Chat with the artists
WARWICK - Milt Mesirow and Gwen Schaffer, two of the artists whose work is currently on exhibit at Amity Gallery - in conjunction with the Hudson Valley Jazz Festival - will be on hand 12-4 p.m. Aug. 12 to talk about their experience in Paris of the 1950s and '60s, at the height of the jazz scene there. They'll share stories and tales with all who come to visit. Mesirow's photos of the Paris jazz scene are considered historical treasures. Schaffer's paintings express her admiration and deep connection to the famous players of the past.
The exhibit is a salute to the festival, and includes work by area artists Ron Gee and the late Ian Sharp, as well. Amity Gallery, 110 Newport Bridge Rd., Warwick.
Local author to sign books
CORNWALL - New Windsor author Deb Bouley will be at the Cornwall Public Library, 395 Hudson St., 6:30-7:30 p.m. Aug. 20 to read an excerpt from her newly published book "Merciful, I Am." She will discuss and sign copies of her memoir, which bears the subtitle: "The Story of How Forgiving Others Taught Me How to Forgive Myself."
Bouley is a high school English teacher at Newburgh Free Academy North. Her book, published in June, is available on Amazon.com, Barnesandnoble.com and balboapress.com.
Craft artists sought
LIBERTY - Craft artisans and mixed-media artists are invited to participate in the 2nd Annual Craft Show at the Liberty Museum & Arts Center, which will run Aug. 31-Oct. 13. Organizers say that last year's show was a critical and public success with a wide variety of works on show and for sale including furniture, jewelry, pottery, quirky and humorous panels, collages, rustic wreaths, historical dolls, painted metalware and more.
While items may be offered for sale throughout the display period, the show will culminate in an expansive open mart for which artists may bring in additional items.
For information, contact Naomi Frumess, the show curator, at 807-6656 or firstname.lastname@example.org, where photos of work can be submitted.
An online Woodstock archive
BETHEL - The Museum at Bethel Woods, located at the National Register Historic Site of the 1969 Woodstock Music & Art Fair in Bethel, has launched an online archive of Woodstock photography and video from its collection. This makes many rare archival images available to the public for the first time and on the eve of the festival’s 49th anniversary.
The archive features iconic photos and video from almost 30 contributors including aerial photography of the crowd of 500,000 gathered on Max Yasgur’s farm, the iconic field and festival stage, infamous traffic and festival attendees who gathered for three days. Museum organizers say the materials in this archive serve "as a lens to explore the historic festival and is available for license and download for commercial, media, tourism, educational and personal use providing a never-before available resource for the press, students, historians, documentarians, designers and advertisers in advance of the festival’s 50th anniversary in 2019."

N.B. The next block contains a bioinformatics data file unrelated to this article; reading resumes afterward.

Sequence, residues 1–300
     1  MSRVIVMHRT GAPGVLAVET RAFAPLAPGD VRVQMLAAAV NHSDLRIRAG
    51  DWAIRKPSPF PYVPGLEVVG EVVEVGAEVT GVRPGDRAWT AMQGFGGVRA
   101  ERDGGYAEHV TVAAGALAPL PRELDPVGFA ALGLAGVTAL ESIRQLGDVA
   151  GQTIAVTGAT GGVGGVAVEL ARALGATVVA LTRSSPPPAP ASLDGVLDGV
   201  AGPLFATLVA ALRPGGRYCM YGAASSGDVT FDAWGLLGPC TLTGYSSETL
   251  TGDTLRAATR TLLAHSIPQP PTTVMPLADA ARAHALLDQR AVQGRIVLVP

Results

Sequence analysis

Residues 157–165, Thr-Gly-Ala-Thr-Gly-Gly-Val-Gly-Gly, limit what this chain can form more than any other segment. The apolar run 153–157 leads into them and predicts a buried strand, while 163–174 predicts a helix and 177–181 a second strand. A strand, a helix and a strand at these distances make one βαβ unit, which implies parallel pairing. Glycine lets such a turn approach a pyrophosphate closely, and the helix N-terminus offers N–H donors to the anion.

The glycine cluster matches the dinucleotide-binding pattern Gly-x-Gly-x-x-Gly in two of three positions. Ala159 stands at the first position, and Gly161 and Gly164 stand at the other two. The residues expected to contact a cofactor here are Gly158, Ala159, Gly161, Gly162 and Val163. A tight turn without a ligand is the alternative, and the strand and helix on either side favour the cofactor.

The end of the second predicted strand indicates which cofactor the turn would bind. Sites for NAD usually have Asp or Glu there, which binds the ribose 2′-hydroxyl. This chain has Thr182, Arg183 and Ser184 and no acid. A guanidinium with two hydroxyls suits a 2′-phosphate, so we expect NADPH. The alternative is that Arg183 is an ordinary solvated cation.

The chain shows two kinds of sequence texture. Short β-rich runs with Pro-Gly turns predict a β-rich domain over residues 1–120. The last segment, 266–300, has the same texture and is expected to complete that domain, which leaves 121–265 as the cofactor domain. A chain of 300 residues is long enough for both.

The public is also invited to contribute to the museum's permanent collection and help to preserve this moment in history by sharing their photos, videos and artifacts. For information and to view the collection, go to BethelWoodsCenter.org/PhotoArchive.
Film fest preview
ROSENDALE - The documentary "Finding Oscar" will be shown at 6 p.m. Sept. 8 at the Rosendale Theater Collective. The screening will be immediately followed by a panel featuring producer and attorney Scott Greathead, the film’s subject Óscar Ramirez Castañeda and forensic anthropologist Fredy Peccerelli, moderated by Woodstock Film Festival executive director and founder Meira Blaustein.
"Finding Oscar" tells the story of the 15-year search for a 3-year-old boy who survived the infamous Dos Erres Massacre in Guatemala in 1982. Set against the background of Guatemala’s 36-year amed conflict, the film features three courageous Guatemalan women – a human rights activist, a young prosecutor and Guatemala’s Attorney General – who unraveled the mystery of what happened and brought to justice the perpetrators of one of Central America’s worst crimes against humanity. The film also lays bare the U.S. government’s covert support for the violent policies of Guatemala’s government and its Acting President at the time, General Efraín Ríos Montt, whom President Reagan publicly embraced in 1982.
The showing is co-presented by The Woodstock Film Festival, which will run Oct. 10-14, and WacBiz. Proceeds from the Sept. 8 screening will benefit Woodstock Film Festival and Friends and FAFG, a U.S. 501 (c)(3) tax exempt organization that supports the work of the Forensic Anthropology Foundation of Guatemala.
Tickets to the event are $20 and can be purchased at woodstockfilmfestival.com/events/findingoscar.php.